FRINGE FIVE: Hannah Mamalis, of Dreamgun Film Reads

access_time 13 minutes
person by Fiona Smith
create 18 September 2018

PIC: Malcolm McGettigan

Hannah Mamalis is a prolific comic, writer and performer who is very active on the comedy and theatre scene, as well as a regular at the Edinburgh Festival. Some of you will have caught her acclaimed one-woman show in last year’s First Fortnight festival, the surreal The Egg Is A Lonely Hunter,  and this week she takes part in the always very funny Dreamgun improv show Film Reads at the Dublin Fringe – it begins tonight in Smock Alley Theatre and runs until September 16. She’ll also  be on MC duties for the First Fortnight Fundraiser quiz scheduled for October (watch this space).

Here Hannah talks us through the concept behind Film Reads, as well as her many upcoming projects and explains why self-care is important when dealing with the fast-paced world of theatre and comedy and the sense of isolation that comes between shows.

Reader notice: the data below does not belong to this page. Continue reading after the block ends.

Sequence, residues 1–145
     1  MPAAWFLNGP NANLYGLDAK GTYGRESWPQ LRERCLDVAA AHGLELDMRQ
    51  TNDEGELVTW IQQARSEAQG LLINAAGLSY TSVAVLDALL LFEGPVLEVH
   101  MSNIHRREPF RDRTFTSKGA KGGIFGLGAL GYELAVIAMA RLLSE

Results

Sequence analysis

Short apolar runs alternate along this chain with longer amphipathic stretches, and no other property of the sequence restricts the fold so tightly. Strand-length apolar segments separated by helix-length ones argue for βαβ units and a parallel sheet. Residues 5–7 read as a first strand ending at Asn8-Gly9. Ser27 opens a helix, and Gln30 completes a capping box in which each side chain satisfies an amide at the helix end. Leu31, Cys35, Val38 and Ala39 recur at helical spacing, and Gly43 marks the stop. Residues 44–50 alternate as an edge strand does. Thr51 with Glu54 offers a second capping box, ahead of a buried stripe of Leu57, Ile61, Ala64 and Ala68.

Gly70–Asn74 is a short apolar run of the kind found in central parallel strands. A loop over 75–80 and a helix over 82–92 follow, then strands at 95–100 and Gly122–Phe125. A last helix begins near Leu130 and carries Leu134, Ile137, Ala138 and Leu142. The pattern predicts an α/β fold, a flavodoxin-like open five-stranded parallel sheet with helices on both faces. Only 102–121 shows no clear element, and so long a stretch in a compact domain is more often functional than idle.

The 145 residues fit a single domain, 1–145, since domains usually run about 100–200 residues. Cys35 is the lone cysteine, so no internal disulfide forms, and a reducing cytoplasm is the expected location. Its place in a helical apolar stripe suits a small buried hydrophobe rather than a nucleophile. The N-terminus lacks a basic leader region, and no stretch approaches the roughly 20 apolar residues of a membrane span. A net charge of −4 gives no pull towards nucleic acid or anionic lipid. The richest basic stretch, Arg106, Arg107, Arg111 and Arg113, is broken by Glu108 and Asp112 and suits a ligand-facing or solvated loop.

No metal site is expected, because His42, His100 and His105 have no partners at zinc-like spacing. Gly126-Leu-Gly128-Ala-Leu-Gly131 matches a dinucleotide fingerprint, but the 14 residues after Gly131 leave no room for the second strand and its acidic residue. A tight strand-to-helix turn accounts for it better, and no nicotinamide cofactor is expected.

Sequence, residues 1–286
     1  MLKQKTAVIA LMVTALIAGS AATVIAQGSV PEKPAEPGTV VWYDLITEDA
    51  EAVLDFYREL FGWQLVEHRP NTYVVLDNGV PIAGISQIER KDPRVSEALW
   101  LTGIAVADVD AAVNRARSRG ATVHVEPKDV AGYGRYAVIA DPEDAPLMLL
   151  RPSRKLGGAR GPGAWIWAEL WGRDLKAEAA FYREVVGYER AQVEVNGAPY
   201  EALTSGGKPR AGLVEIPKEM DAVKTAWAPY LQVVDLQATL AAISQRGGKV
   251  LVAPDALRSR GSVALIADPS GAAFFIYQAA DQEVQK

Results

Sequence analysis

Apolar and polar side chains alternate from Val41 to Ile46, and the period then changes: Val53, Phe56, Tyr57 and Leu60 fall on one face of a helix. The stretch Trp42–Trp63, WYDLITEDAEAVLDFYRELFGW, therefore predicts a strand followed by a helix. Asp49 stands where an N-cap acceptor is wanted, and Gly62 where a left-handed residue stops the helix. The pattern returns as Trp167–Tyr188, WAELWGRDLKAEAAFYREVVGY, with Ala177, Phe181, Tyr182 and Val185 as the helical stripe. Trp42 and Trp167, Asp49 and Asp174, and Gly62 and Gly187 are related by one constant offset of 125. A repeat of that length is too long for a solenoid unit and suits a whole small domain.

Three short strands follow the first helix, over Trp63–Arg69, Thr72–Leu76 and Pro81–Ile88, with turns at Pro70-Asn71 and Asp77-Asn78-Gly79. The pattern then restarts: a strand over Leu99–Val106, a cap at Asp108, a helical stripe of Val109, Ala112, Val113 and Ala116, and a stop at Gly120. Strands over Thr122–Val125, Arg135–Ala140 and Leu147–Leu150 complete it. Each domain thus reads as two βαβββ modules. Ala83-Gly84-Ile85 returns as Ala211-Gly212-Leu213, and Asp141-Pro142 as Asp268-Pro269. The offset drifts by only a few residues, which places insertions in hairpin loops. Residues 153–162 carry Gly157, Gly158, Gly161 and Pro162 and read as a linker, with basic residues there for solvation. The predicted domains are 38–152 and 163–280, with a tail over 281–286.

Q1. Last year’s First Fortnight Festival was delighted to feature The Egg is A Lonely Hunter, which you also recently brought to Edinburgh – will the Egg return for another outing and has it evolved since the earlier runs?  One reviewer said you “excavate loneliness and grief with tenderness”, was this your aim?

I’m not sure what the plan is for Egg at the moment, it potentially might have another run out but probably not in Ireland. The writing never really changed, maybe small aspects here and there but my approach to it changed wildly every time I performed it. It’s weird to say that you find new things in your own writing but you do. And even though the show’s content is the same, I think that if you took the very first show I did in the Dublin Fringe and held it up against the very last show I did in Edinburgh, they’d feel fairly incomparable. But I like that. It meant it was alive and that I enjoyed doing it right up until the very end. I’m glad it came across as tender because I really wanted it to be a mix, a mix of both funny and feeling. With the comedy elements it’s easier to tell whether they’re working or not because they’re literally punctuated with laughter, but it can be harder to tell whether people have really felt it or not.